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Saw (18)



Review by: Jack Foley | Rating: Two

DVD SPECIAL FEATURES: Directors and writers commentary. Music video by Fear Factory 'Bite The Hand That Bleeds'. Making of the music video. 'Sawed Off' mini featurette.

IN TERMS of grisly fun, Saw is possibly the sharpest, most ingeniously warped slice of crime/horror to emerge from Hollywood this year.

Co-written by one of the film's stars, Leigh Whannell, and its first-time director, James Wan, the movie is a gruesome psychological chiller in the Se7en tradition, which should keep fans guessing right up until its surprise conclusion.

It wastes no time in plunging viewers into its nightmare scenario, either, for as it picks up, Adam (Whannell) regains consciousness after nearly being drowned at the bottom of a bathtub, to find himself chained to a rusty pipe inside a dark torture chamber.

Chained up with him, on the other side of the room, is Dr Lawrence Gordon (Cary Elwes), while lying between them is a man lying in a pool of blood after apparently shooting himself in the head.

Adam and Dr Gordon must therefore piece together the clues left behind by the deranged criminal mind that has brought them together, while also being aware that they only have a limited amount of time to do so, before each of them is killed.

As the two form an unlikely bond, Dr Gordon realises their predicament is the brainchild of Jigsaw, a twisted serial killer who plays games with victims, teaching them life lessons through torture.

And as the clock ticks down, the reasons why the men have been brought together are relayed via a series of flashbacks that reveal the full extent of Jigsaw's past crimes, as well as the attempts of Danny Glover's equally unstable detective to capture him.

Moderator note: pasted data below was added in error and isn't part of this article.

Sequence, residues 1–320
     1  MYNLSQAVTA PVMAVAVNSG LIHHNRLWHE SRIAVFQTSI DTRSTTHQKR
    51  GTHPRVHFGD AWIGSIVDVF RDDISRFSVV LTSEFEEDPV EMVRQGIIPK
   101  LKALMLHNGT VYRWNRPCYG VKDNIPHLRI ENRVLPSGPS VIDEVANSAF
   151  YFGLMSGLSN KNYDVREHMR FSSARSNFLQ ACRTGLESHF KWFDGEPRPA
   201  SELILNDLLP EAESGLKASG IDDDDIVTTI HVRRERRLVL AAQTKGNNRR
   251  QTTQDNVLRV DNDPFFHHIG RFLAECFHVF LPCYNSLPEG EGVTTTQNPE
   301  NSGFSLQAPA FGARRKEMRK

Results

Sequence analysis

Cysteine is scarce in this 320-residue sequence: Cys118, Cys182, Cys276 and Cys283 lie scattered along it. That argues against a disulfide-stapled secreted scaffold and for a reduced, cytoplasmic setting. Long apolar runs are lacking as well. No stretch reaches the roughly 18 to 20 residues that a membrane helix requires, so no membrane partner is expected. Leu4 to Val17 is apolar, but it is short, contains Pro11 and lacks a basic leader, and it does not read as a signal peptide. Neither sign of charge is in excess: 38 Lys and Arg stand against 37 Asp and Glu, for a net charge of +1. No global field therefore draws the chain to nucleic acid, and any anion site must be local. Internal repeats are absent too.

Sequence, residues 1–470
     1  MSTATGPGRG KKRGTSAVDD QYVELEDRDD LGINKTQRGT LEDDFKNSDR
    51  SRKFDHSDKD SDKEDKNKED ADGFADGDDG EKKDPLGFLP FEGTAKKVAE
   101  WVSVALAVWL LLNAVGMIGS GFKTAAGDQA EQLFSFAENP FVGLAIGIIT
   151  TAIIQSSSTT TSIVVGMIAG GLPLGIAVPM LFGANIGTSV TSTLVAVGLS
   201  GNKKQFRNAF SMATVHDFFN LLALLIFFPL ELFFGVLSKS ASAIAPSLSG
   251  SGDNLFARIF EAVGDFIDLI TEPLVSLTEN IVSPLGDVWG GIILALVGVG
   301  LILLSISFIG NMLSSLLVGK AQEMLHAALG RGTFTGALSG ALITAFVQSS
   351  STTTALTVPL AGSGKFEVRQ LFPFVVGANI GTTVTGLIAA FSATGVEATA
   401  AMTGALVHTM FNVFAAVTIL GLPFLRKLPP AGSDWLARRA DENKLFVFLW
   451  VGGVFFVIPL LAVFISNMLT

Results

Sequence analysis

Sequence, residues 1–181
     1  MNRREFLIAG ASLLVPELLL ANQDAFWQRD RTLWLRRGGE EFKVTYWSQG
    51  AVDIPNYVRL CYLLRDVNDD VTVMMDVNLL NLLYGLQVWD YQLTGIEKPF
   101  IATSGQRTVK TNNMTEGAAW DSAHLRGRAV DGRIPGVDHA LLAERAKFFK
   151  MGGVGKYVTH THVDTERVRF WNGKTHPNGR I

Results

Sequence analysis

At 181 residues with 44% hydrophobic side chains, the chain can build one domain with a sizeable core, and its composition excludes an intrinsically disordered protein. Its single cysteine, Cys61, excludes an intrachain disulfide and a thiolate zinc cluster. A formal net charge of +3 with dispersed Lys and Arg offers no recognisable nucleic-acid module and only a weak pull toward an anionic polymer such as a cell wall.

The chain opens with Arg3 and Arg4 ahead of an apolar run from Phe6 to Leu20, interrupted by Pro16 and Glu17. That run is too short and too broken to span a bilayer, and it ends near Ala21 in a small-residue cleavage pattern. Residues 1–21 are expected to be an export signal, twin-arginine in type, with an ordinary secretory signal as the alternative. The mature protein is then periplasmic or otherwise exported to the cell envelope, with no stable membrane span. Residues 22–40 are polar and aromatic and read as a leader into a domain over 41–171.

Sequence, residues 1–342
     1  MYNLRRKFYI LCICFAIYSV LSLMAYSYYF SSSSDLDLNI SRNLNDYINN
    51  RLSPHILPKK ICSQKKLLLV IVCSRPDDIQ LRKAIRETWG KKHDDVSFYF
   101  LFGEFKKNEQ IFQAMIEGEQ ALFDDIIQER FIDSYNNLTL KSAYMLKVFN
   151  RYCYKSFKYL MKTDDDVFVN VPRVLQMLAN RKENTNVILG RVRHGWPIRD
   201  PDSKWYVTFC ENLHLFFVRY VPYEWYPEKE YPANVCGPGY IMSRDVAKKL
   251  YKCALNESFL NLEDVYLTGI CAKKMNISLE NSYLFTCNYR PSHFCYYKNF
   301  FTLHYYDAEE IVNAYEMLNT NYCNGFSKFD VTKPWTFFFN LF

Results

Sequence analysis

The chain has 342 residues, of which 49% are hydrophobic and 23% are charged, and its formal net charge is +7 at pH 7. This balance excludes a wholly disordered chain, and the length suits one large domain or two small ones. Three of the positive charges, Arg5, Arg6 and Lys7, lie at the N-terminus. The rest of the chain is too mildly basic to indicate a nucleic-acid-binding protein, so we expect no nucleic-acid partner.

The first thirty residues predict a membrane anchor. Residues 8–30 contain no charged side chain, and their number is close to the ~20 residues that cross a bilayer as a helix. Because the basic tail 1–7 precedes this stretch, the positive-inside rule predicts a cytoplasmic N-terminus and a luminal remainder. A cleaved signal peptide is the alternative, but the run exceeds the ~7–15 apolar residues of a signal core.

Part of the 'fun' in watching Saw unfold lies in watching how Wan and Whannell continually strive to think up new ways of creeping their viewers out, while sustaining the claustrophobic tension.

The film is as unrelenting as it is disturbing and succeeds in getting under your skin and toying with your head in the same way that David Fincher's masterpiece did.

Indeed, Se7en is undoubtedly the film's biggest source of inspiration, in terms of look, lighting and mood, even if it ultimately falls short of Fincher's masterpiece.

Anyone who admired the ingenuity of Se7en's killer can't fail to be impressed with Jigsaw's 'talents', particularly as each game forces the viewer to play out the 'what if' scenarios along with the victims.

The film is let down, however, by some of its visual flourishes, which owe more to pop video culture than serious horror, and by some of its twists, which won't stand up to scrutiny by the more discerning.

Quibbles aside, however, Saw efficiently achieves what it sets out to, which is to scare the life out of its viewers, while forcing them to piece together the puzzle for themselves.

And in both Whannell and Wan, it has uncovered two bright talents, whom we should be hearing a lot more from in the future.

For out and out chills, twists aplenty and a deft blend of gore and psychological terror, Saw certainly makes the cut.

 

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